Choosing the Right Fishing Float for Successful Fishing

Choosing the right fishing float is important. I speak a lot about the technical aspects of float fishing, but often forget to talk about the basics. Floats are thin and light. Bobbers are round, and some have a tube through the middle. Bobbers require a lot more weight than floats, and some even come with heavy lead attached at the bottom. The size and shape of these, and the amount of lead needed to sink bobbers, makes them poor choices to catch more and larger fish.

Choosing the right float will make your fishing more exciting. Fish flying through the air, and big fish bending rods attached by a spider’s web—that’s float fishing. According to Johnny Wilkins, the difference between bobbers and floats is that floats talk and bobbers just slunk.

Johnny Wilkins – Float Fishing Expert

You need to get smaller, thinner and lighter (sounds like my new year’s resolution). Look in your tackle box, and if you have round plastic red-and white-bobbers, or the kind that have a tube through the center, you will need to improve on these.

Choosing the right fishing float will show more bites, be detected much less by the fish. These trout 19″, 18″ and 17″ were fooled by the thin, light float pictured. The Gapen 5″ Pencil Float

A common misconception is that the center tube slip bobbers are “finesse” fishing. False. Use these only for drift bobbers and for big baits. You can also use these if you don’t want to be bothered by fish. Chunky bobbers and center tube slip bobbers will make sure that you don’t get bathed by too many fish. I mean, if you are into relaxing or napping.

Choosing the right fishing float – it’s physics. The physics of a proper float setup have the float (only) attached at the bottom. This is better for casting and much better for seeing a bite. Because the connection is to the base of the float, the movement will send you bigger signals and earlier indications that fish are there. If you use small floats like the Gapen 5-inch Pencil float, you can actually see when fish are near the hook.

Yes, I said near. Did you know that 30 percent of the time, a proper little float will show a “lift” bite. Weighted bobbers or slip bobbers can not show this bite.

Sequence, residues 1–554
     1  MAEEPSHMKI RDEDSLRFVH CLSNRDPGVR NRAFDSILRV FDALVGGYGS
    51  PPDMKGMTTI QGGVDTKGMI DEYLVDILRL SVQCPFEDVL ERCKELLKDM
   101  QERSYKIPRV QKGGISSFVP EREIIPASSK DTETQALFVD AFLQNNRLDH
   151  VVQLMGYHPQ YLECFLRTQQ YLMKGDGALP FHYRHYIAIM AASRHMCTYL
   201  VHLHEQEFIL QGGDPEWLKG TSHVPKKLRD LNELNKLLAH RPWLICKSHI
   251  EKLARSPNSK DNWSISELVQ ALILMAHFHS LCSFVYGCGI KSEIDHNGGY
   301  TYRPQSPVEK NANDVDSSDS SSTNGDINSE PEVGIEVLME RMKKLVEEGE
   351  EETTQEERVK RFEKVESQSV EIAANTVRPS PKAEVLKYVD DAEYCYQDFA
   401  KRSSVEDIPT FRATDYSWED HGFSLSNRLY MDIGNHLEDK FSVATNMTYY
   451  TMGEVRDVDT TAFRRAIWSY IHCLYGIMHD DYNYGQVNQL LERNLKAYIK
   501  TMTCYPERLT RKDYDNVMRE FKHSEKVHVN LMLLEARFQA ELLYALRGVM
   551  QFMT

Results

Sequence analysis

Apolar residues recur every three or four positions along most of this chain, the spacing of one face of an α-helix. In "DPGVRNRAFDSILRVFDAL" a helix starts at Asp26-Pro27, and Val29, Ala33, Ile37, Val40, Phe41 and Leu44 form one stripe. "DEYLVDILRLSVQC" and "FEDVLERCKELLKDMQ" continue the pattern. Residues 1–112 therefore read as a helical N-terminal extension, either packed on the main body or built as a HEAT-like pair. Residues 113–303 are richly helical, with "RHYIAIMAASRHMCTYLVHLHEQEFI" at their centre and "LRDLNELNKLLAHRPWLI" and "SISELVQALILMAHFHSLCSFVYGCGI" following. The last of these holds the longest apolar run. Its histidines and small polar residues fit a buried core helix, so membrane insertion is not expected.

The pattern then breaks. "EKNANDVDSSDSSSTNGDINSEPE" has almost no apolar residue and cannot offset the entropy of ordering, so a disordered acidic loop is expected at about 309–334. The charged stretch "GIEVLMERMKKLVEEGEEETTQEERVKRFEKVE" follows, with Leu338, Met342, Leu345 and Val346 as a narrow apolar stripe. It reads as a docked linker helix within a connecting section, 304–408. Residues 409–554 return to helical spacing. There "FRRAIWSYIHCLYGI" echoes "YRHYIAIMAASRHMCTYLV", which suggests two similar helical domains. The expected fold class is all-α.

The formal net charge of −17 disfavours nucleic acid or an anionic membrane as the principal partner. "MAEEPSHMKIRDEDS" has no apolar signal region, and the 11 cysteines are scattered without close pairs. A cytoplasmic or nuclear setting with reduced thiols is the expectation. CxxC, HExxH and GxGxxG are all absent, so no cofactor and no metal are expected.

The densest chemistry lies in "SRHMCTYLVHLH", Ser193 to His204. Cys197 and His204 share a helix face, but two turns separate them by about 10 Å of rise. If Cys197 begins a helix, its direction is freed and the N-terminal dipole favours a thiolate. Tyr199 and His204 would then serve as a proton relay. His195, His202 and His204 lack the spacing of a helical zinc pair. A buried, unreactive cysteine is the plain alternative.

This attack and bite occurs when the fish picks up the bait or swims from beneath the bait. Fish often ambush a bait from below, which results in the smaller floats rising up in the water. Boom! That’s a fish on a float. On a bobber, you see little to nothing. On a bobber, they can spit your bait back out and you would never know it.

Float materials are made from “faster” and lighter materials. The speed comes from the bite indicator’s ability to “pop” quickly. This is great for you to add more indications and earlier signals that a fish is near, about to strike. Good, fast floats give you instant bite indication, and they let you know the instant a fish makes a move on your bait. Chunky bobbers and tube bobbers take longer to show this. Slow means, plastic air-filled or heavy-weighted bobbers, which don’t signal. These lay low in the water and require more movement to force or budge them.

The lighter, smaller and faster floats will go under when fish are in regular, normal and soft feeding moods, which is the majority of the time. Fish only use a soft vacuum to get their food.

The simplest setup for a float is some small split shot and one tiny split shot down above the leader and swivel. I use only good quality split shot (harder to find in stores) such as Anchor brand or Super Doux, and these are pure, soft materials. These brands won’t slide up and down the line because the quality material sticks in place. These shot won’t damage your lines like the cheaper brands found everywhere, which nick the line with harder edges.

For float fishing line, I like a very long rod that is specifically built for float fishing. This rod is stiff up the blank and also fast action. The Gapen10 is a 10-foot rod made with three wraps of Kevlar and Boeing top-quality carbon graphite wraps. This means casting farther and more accurately, and very fast hooksets. Fishing line is a 4-pound main line with either a 2- or 3-pound leader line, which is about 6 inches long below a swivel.

Premium-quality hooks are a must. I tie my own leader-and-hook combos so that I can pick the line thickness or change to fluorocarbon leader that’s invisible in clear water. If there are weeds or structure or powerful fish like steelhead or medium-sized cats, I will float fish using a 6-pound main line and either a 5- or 6-pound leader, so that I have some leverage in the weeds.

I play big fish using the big spinning rod (very powerful with the Kevlar and carbon), and I also flip the anti-reverse switch on the back of my spinning reel. When the fish makes a speed run, I reel back at the fish and manually control the pressure to prevent break-offs. Pick a 400 or 4000 series reel which gives you a big spool; these cast best and pick up line faster than the small reels. This reel balances perfectly with the Gapen 10 Float rod.

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